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Article
Social Support and Self-Concept in Relation to Peer Victimization and Peer Aggression
Journal of School Violence (2012)
  • Lyndsay N. Jenkins, Eastern Illinois University
  • Michelle Kilpatrick Demaray, Northern Illinois University
Abstract

Peer victimization is an enduring problem in schools (Wang, Iannotti, & Nansel, 2009). The current study focused on relations among two ecological variables that may be related to involvement in peer victimization: self-concept and social support. The main goal of this study was to investigate relations among social support, self-concept, and involvement in peer victimization (both as a victim and aggressor). The sample included 251 students in Grades 3–5. There was a significant negative relation between social support and peer victimization (β = –.22, p < .05) as well as a significant, negative relation between self-concept and peer victimization (β = –.24, p < .05). For peer aggression, there was a significant negative relation between social support and peer aggression (β = –.49, p < .001) as well as a significant, positive relation between self-concept and peer aggression (β = .23, p < .05).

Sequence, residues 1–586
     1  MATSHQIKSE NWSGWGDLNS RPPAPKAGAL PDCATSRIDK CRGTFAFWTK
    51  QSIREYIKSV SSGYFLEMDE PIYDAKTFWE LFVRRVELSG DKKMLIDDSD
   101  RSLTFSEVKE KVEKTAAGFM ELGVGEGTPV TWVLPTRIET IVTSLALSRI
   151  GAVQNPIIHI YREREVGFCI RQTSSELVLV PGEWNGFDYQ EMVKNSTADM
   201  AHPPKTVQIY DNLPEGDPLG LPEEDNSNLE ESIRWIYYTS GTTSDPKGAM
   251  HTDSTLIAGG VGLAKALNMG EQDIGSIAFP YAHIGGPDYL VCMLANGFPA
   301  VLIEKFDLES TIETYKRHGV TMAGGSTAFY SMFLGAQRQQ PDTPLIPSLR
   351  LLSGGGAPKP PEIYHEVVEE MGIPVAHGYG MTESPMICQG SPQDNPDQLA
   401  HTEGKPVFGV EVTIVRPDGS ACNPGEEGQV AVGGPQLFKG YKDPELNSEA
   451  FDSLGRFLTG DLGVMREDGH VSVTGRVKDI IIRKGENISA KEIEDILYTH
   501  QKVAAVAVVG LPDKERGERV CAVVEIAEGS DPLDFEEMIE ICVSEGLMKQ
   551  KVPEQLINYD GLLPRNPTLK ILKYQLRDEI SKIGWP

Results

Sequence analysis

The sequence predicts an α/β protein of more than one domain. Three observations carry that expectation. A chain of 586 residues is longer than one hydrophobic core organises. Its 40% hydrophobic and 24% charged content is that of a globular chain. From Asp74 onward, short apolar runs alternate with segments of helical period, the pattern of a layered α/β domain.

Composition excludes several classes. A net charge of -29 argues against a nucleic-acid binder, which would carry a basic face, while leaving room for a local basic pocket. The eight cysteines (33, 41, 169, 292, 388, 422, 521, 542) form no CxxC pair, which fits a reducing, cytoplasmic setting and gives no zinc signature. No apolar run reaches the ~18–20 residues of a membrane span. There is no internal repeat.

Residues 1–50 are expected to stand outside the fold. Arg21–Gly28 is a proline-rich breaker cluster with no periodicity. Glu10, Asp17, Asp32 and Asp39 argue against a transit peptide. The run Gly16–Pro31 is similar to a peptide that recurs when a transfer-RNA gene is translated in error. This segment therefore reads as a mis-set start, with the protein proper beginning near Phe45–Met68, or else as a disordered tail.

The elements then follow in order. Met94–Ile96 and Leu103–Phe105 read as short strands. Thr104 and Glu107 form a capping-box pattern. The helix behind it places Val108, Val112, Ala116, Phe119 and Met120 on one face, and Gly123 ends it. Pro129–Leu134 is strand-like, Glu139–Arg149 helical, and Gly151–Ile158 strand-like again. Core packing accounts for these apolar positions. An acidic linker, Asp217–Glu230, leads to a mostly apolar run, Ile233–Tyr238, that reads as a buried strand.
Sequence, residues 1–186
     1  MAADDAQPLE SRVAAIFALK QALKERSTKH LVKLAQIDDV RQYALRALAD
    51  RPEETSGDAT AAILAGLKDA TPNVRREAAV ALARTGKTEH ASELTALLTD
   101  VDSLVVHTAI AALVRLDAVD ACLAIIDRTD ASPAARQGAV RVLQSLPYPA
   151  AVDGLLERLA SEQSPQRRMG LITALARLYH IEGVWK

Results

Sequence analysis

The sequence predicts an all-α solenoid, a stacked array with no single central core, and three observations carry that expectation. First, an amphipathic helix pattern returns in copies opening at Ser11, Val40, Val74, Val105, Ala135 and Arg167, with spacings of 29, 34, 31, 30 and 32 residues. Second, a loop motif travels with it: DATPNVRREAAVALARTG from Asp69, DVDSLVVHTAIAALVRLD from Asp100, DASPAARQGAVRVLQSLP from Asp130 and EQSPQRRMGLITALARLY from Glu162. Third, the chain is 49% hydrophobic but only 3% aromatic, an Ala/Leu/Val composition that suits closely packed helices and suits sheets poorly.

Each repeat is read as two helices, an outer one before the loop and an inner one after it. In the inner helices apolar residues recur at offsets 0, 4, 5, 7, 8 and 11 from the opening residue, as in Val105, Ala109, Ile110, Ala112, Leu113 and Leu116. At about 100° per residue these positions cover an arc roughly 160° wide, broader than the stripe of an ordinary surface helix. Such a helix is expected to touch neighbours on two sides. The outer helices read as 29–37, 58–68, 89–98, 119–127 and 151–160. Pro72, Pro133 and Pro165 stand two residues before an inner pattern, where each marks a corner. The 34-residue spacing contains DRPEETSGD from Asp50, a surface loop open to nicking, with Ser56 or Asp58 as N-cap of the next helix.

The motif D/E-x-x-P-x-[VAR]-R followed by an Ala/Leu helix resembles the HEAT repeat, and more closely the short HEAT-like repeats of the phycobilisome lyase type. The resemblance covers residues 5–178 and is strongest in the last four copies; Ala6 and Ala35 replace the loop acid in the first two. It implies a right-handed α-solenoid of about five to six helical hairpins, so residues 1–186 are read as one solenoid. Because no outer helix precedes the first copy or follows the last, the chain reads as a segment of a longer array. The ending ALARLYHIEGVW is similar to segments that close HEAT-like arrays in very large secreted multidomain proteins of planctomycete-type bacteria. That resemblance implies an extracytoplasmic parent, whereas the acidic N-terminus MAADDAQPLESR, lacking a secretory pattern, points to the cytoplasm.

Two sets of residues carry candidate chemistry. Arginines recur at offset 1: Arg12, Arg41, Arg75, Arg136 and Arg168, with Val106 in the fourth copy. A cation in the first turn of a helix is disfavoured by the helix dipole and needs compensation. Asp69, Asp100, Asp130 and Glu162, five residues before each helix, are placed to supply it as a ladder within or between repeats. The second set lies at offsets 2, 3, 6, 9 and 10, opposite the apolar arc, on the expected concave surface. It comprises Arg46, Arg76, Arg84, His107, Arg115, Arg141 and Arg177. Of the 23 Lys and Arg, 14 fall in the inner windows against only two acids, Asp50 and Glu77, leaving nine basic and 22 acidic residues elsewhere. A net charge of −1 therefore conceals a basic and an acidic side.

Keywords
  • social support,
  • self-concept,
  • peer victimization,
  • peer aggression,
  • elementary school students,
  • self-esteem
Disciplines
Publication Date
2012
Citation Information
Lyndsay N. Jenkins and Michelle Kilpatrick Demaray. "Social Support and Self-Concept in Relation to Peer Victimization and Peer Aggression" Journal of School Violence Vol. 11 (2012)
Available at: http://works.bepress.com/lyndsay_jenkins/6/